Wednesday, November 14, 2018
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Moroccan Navy receives new hydrographic survey vessel

The Dar al Beida.The Royal Moroccan Navy has taken delivery of a new hydrographic survey vessel from France’s Piriou.

The BHO2M vessel was delivered on 26 October in France, and will give Morocco the ability to carry out hydrographic surveying for civil and military purposes. Understanding the seabed, salinity and temperature of the ocean will help submariners, for example.

The vessel, the Dar al Beida, was ordered in June 2016 through Kership, a joint venture between Piriou and the Naval Group (formerly DCNS). Piriou was responsible for the design and construction of the vessel at its facilities at Concarneau. The SHOM (French Navy Hydrographic and Oceanographic Department) was responsible for the scientific research component of the vessel and the training of Moroccan hydrography, oceanography and cartography personnel.

The Dar al Beida will allow Morocco to carry out in-depth surveys of its waters – it previously relied on France to map the seabed in Morocco’s deeper offshore waters. Morocco is a member of the International Hydrographic Organisation (IHO).

During the delivery last month, Vincent Faujour, Piriou General Manager, said “We are very pleased and honoured to deliver this second vessel to the Moroccan Royal Navy. Thanks in particular to a close and crucial collaboration with the SHOM, we have designed a vessel with all the qualities required to become the new reference in terms of hydro-oceanographic survey. Following on from the expedition vessel Yersin delivered in 2015 and the Polar Logistic Vessel L’Astrolabe delivered in 2017, Piriou thus confirms its ability to design and build very technical vessels.”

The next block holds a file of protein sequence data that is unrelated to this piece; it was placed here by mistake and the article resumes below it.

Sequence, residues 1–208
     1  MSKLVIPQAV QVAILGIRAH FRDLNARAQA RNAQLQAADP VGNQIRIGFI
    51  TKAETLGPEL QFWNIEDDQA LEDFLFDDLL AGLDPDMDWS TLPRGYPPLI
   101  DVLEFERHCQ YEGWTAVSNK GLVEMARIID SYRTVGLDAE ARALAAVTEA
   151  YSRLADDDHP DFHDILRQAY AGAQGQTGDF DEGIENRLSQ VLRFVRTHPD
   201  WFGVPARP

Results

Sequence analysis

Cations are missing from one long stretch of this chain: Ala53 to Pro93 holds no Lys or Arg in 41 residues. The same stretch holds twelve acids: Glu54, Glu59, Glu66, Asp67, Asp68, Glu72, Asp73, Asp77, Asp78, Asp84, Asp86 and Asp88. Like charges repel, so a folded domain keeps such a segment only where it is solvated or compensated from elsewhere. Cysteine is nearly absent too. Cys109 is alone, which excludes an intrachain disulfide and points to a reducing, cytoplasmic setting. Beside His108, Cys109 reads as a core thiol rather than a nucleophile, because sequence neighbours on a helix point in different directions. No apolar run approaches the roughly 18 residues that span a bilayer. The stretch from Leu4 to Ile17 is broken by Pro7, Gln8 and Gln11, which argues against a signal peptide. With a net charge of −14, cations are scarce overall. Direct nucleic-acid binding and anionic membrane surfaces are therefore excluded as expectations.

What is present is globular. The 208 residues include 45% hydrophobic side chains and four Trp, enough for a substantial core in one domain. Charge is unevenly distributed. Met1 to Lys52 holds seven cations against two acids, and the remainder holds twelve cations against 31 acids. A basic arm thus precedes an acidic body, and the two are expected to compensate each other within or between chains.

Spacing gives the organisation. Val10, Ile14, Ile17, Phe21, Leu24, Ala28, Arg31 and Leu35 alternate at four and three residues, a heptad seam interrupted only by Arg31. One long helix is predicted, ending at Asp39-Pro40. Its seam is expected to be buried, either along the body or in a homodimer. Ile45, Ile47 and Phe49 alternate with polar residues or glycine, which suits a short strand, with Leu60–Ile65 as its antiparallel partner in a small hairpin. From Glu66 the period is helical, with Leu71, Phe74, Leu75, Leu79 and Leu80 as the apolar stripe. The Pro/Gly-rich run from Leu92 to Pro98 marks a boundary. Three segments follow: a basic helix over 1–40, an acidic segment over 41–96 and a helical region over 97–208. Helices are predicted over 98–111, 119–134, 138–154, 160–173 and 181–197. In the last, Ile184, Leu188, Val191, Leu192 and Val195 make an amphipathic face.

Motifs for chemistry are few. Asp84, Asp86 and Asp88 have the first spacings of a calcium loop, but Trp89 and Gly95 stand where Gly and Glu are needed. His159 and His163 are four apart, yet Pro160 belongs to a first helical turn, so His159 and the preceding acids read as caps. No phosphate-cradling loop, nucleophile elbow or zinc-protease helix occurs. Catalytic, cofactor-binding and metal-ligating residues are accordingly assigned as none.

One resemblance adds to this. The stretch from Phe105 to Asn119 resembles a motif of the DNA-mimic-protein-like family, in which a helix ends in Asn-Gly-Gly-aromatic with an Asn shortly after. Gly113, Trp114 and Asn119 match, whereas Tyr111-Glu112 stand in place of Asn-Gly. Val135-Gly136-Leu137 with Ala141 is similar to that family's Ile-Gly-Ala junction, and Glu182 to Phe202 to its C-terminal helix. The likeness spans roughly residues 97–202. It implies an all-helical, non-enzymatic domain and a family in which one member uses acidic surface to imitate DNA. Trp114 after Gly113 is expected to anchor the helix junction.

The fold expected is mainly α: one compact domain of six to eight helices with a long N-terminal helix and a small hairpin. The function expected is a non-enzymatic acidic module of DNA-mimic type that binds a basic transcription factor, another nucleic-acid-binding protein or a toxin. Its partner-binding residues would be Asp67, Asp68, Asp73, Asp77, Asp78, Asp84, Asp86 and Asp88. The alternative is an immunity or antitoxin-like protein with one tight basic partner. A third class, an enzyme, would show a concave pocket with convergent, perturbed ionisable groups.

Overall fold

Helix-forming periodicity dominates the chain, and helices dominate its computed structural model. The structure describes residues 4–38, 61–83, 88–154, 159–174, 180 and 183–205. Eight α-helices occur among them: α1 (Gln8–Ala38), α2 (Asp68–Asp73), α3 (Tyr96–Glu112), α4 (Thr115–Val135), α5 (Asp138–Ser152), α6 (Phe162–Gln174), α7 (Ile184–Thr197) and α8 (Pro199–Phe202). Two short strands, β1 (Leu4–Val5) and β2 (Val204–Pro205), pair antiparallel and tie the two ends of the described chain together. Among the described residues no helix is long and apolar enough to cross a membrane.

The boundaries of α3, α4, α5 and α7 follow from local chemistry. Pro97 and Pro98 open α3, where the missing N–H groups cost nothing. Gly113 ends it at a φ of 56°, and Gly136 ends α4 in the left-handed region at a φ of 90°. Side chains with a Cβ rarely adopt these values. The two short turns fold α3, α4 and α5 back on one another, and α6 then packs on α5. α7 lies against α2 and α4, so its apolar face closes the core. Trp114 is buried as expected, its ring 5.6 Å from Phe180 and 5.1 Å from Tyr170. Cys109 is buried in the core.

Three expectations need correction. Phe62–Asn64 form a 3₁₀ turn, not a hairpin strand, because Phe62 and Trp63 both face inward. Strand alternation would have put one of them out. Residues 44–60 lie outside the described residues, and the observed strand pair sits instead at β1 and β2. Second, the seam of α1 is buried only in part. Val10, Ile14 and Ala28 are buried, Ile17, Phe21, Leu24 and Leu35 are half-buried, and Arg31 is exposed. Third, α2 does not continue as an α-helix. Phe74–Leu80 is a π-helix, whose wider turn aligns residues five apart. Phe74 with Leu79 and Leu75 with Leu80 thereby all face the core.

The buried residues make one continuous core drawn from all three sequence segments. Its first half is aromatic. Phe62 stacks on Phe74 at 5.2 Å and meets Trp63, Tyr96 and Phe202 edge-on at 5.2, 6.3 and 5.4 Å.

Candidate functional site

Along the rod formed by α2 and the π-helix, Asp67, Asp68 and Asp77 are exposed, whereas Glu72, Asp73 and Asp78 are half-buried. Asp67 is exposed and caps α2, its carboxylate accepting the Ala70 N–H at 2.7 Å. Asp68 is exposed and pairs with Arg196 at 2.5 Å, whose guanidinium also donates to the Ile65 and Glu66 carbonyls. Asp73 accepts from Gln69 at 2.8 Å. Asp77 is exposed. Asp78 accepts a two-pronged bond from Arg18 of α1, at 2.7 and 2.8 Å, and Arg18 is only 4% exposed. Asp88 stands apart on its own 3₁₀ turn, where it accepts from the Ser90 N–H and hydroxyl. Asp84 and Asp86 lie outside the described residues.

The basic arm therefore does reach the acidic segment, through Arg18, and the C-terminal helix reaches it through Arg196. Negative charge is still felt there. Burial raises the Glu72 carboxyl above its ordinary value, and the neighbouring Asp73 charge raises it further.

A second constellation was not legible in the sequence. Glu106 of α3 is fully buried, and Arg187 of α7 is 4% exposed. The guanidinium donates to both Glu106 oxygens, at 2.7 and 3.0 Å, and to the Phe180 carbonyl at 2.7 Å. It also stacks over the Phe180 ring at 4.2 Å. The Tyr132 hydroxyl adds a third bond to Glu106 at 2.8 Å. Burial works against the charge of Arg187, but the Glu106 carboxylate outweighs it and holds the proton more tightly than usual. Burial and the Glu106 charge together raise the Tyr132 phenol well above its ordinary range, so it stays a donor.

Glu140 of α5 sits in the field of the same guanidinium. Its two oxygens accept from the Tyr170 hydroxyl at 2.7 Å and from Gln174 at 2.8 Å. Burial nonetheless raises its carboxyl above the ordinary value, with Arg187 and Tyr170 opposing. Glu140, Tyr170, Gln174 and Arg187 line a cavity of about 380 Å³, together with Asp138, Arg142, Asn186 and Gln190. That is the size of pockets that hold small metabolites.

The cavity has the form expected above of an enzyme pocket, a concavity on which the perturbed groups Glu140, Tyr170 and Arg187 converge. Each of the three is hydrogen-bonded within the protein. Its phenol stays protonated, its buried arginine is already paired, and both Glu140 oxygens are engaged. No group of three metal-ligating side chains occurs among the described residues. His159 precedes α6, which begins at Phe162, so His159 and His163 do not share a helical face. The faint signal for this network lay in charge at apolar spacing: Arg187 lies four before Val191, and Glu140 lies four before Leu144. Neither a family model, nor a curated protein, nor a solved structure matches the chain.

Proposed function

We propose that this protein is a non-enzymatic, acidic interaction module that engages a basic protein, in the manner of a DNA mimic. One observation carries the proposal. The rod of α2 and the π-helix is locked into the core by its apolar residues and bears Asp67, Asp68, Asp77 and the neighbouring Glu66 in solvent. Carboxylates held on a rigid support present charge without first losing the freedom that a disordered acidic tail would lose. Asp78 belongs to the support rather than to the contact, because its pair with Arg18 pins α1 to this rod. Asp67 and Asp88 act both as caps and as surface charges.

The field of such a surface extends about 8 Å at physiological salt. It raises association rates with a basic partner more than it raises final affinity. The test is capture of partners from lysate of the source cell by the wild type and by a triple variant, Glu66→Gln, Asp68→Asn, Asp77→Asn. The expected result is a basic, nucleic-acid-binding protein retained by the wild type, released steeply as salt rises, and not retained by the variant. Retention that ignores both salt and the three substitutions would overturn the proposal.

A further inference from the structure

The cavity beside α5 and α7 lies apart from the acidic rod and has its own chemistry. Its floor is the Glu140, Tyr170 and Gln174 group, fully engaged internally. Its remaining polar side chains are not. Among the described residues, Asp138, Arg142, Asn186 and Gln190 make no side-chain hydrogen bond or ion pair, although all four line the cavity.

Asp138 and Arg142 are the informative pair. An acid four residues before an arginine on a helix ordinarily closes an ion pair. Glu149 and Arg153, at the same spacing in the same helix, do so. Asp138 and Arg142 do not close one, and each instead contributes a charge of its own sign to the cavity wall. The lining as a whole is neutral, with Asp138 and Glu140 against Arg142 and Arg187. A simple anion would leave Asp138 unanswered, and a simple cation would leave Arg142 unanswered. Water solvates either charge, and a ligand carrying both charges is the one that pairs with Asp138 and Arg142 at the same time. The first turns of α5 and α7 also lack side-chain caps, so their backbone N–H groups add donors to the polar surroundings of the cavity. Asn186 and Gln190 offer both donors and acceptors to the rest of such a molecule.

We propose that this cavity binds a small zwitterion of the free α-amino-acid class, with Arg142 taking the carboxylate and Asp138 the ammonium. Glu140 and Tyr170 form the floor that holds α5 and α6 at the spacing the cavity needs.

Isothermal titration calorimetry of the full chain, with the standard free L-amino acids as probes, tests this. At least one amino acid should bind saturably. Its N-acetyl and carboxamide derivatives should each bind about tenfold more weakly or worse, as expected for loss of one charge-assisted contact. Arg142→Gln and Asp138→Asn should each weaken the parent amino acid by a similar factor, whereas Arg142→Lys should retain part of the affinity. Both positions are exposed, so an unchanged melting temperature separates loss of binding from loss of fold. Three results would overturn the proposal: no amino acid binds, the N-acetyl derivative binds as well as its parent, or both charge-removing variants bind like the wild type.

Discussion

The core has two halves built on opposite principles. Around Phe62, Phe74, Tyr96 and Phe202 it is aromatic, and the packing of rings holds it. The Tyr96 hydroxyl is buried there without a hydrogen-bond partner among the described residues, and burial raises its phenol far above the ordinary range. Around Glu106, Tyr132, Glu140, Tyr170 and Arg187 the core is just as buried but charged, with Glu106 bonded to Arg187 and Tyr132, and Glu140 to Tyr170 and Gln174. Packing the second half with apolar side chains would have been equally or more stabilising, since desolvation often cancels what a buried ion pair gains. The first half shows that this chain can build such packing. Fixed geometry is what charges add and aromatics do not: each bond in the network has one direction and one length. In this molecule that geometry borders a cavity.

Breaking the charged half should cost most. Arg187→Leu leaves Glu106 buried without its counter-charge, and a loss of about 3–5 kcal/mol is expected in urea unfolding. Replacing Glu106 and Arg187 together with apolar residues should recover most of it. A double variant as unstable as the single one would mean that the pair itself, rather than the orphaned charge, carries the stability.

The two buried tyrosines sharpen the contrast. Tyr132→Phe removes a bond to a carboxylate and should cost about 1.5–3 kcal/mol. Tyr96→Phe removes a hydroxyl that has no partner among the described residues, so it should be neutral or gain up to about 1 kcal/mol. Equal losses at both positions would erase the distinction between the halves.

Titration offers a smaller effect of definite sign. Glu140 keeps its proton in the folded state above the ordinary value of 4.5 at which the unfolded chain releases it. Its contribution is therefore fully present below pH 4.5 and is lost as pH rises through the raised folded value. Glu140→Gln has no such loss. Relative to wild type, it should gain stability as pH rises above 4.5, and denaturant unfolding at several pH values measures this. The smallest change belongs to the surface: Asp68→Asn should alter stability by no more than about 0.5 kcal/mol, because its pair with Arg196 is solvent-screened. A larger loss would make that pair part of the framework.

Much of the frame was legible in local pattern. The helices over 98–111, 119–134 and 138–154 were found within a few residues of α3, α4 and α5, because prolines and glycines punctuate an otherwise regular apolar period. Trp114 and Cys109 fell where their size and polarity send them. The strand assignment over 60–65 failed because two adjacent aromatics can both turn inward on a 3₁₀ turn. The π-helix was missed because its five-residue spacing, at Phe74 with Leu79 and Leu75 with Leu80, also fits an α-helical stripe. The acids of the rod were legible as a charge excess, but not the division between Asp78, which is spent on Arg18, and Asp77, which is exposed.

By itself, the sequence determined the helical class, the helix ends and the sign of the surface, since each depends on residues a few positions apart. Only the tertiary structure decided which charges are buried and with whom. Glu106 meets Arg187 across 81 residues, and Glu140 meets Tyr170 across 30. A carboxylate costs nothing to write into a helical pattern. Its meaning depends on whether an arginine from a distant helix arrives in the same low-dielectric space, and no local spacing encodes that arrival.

The Dar al Beida is 72 metres long, 15 metres wide and displaces 2 600 tons. It has a draft of only 5.5 metres, allowing it to work in relatively shallow water. Various items of hydrographic equipment include multiple sonar systems and profilers and a device for measuring the conductivity and temperature of water and allowing water samples to be taken. Sediment sampling can be done out to depths of 6 000 metres. In addition, the vessel has a meteorological station, two 8 metre survey boats (equipped with sonar and other systems) and a rigid-hulled inflatable boat. It has provision for unmanned surface vessels but is not fitted with them.

There is accommodation for 30 crew and 20 scientific personnel, who can sail for up to a month. Diesel-electric propulsion with four 1 200 kW generators, giving a top speed of 14 knots, allows for silent operation to improve the quality of acoustic data collected.

Although the vessel’s primary mission is hydrographic survey, it can also carry out surveillance, humanitarian assistance, rescue, environmental protection and military missions.

Piriou pointed out that the contract is the third with the Royal Moroccan Navy after contracts for the construction of a 50 m Landing Craft Tank (LCT) and the refit of the offshore Patrol Vessel (OPV) 64 Rais Bargach.


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